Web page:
Kingpin #5

Background

Funded by his new political puppet Myles Clennon, Wilson Fisk kidnaps the son of Clennon's opponent in the Mayoral race to guarantee victory for his camp.

Meanwhile, Rocko and Portia conspire against Fisk and Clennon, offering information regarding Fisk's involvement in the murder of Carlo Sangunio to his grieving uncle, mob boss Jimmy Sanguino.

The trail of bodies and blood grows longer and deeper, and it's a trail that the vigilante Spider-Man is pursuing, for lack of a better word, vigilantly.

Story Details

  Kingpin #5
Summary: Spider-Man Appears
Editor: Warren Simons
Writer: Bruce Jones
Pencils: Sean Phillips
Inker: Klaus Janson

Tony Biancho and Jimmy Sanguino watch the latest video of the kidnapped Gradon Biancho's pleas to cooperate with his kidnappers. Sanguino is reluctant to act because the climate is tense between the families and one wrong move could mean all out war. But Sanguino promises the safe return of Biancho's son and revenge on the ones who killed Carlo.

Portia is on the phone, panicking about how Rocko is beating up someone in broad daylight. She reports that they're going to Sangiuno, as planned, but Rocko's instability could jeopardize everything. On the other line is none other than Wilson Fisk, who asks her to contain Rocko for just a bit longer.

Fisk then calls up Clennon, who's in bed with a young filly, and tells him to tune in to see Bianco's big announcement. Clennon reminds Fisk not to hurt Bianco's kidnapped son. Bianco, with Spider-Man watching from above, makes knowledge of the kidnapping public, as reporters secretly agree that the Biancho campaign is effectively dead.

Hired goons assault Portia's private investigator informant, only for Spider-Man to come to his aid. The informant spills the beans to Spidey about Fisk's link to Clennon and Portia's involvement in order to protect Portia. Fisk watches from his binoculars and informs his lieutenant, Gino, to tell Spider-Man that he'll be at the Westchester Academy for boys, visiting his foster son.

Meanwhile, Bianco demands action and sugguests a post-church meeting of the five familes, to which Sanguino seems to agree.

Fisk meets with his foster son and the orphan of his old lieutenant, Leonard. Leonard Jr asks about his dad, and Fisk answers only tha some things are irretrieable. Fisk gives Leonard Jr money and reminds him that "fighting is for losers." Spider-Man then attacks Fisk, just as the Kingpin planned.

Fisk confides that Spider-Man followed the trail of crumbs that Fisk left behind perfectly. After appealing to his ego, Fisk tells Spider-Man that he wants a New York where drugs are taken out of the hands of children, a New York that none of the five families can provide. Spider-Man is naturally skeptical, even when Fisk confides that his own father was a drug addict. Fisk tells Spider-Man to think about leaving him alone in exchange for not selling drugs to children. Spider-Man considers...until he can pin something on Fisk.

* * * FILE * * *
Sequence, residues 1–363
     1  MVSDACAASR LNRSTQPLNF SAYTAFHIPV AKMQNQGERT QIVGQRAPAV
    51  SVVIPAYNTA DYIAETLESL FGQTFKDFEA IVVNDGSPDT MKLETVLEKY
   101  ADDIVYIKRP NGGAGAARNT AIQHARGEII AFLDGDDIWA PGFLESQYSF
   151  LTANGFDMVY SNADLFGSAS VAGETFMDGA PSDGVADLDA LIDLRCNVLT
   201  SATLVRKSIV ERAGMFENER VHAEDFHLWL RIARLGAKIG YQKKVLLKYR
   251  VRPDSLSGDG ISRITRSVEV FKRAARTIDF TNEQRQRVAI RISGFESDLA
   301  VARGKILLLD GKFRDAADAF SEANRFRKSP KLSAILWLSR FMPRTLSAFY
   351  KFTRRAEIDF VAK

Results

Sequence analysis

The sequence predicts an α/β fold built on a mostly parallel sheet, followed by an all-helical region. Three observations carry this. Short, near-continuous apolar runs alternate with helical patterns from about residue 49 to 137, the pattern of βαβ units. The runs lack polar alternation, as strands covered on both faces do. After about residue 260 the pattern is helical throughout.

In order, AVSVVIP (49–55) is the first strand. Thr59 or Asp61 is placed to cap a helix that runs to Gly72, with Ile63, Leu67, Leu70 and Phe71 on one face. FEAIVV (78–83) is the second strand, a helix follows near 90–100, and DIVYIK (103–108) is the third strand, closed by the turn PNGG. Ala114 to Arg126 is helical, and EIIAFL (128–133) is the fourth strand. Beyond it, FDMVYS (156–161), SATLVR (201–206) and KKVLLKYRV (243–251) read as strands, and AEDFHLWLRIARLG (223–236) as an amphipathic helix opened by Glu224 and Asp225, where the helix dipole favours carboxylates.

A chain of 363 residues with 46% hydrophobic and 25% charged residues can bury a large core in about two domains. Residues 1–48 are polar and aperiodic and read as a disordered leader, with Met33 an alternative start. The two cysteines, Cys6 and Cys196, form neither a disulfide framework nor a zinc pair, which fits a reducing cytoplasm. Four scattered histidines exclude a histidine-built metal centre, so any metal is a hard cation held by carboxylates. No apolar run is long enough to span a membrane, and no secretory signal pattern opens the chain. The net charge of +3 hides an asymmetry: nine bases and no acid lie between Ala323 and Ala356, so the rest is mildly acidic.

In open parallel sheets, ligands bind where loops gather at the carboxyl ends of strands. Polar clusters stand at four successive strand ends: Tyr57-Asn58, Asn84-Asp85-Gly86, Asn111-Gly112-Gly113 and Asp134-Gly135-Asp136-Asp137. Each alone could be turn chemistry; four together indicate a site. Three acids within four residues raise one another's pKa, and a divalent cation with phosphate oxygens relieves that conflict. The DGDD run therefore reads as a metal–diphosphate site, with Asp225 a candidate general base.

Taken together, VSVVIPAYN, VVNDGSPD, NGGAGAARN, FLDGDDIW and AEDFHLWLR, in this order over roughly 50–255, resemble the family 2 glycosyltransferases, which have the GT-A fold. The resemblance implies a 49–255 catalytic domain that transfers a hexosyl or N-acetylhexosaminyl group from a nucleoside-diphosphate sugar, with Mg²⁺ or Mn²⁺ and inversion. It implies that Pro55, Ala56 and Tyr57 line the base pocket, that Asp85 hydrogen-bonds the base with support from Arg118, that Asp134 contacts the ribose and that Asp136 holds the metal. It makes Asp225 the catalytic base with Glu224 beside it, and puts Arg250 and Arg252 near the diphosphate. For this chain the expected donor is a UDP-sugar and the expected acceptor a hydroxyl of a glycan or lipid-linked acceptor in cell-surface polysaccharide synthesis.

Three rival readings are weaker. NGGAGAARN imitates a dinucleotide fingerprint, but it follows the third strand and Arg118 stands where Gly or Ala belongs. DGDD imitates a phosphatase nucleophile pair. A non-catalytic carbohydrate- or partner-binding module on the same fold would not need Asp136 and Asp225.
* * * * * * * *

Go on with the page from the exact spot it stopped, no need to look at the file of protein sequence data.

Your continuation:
Back at the warehouse where Gradon is being held, Fisk is helping the kidnapee break his addiction.

Rocko and Portia head to Sanguino's together, but not before Portia calls Fisk, seemingly warning him, in private. At Sanguino's, the Don is naturally reluctant, but sends his own man, Turk, along with Rocko to assist in the hit on Fisk, while keeping Portia as insurance.

Fisk in in the tub, when Rocko and Turk burst into the bathroom. Before Fisk can reach his gun, Rocko fires three shots in Fisk's direction.

General Comments

Are we to believe Fisk when he tells Spider-Man that his dream of ruling the drug trade in New York is just a lie to garner support? Does it matter? Do we really need to see the softer side of Wilson, helping Gradon kick his drug habit and raising the son of a lieutenant HE killed as his own?

Well, the story is certainly filled with twists and turns, I'll give it that. I never saw Portia's alliance with Fisk coming, although Rocko as a rogue element ruining the plan doesn't seem all that rogue. Lou Rocko (who's listed in the recap page as Rocko Vicente-what?!) is being set up for a fall here, and you don't need to know about the Kingpin's modern status to know that.

And Spider-Man is just another pawn for Fisk to manipulate. But the Fisk as Chessmaster bit is getting kind of tiresome, even if this issue does link us back to the start of the series. This issue, admittedly, was better than the one that came before it, but it would almost have to be.

The sudden use of cell phones remains baffling, and the story is threatening to run amok. But a little chaos after all this careful orchestrating by Fisk, is most certainly welcome.

The sketchy art remains apt in setting the mood. Spider-Man does stick out, but he's supposed to, as the superhero link in what has so far been a very crime oriented story.

Overall Rating

The story has gone from mediocre to solid, but it's got a long way to go to fully redeem itself. I've managed to forgive the lapses in modern continuity and the uneven flow of time, but I want to see something that really floors me and surprises me. Hopefully, something will rise out of the mess that the story is becoming, and it's mainly out of that optimism that I can give this issue anything above 2 webs.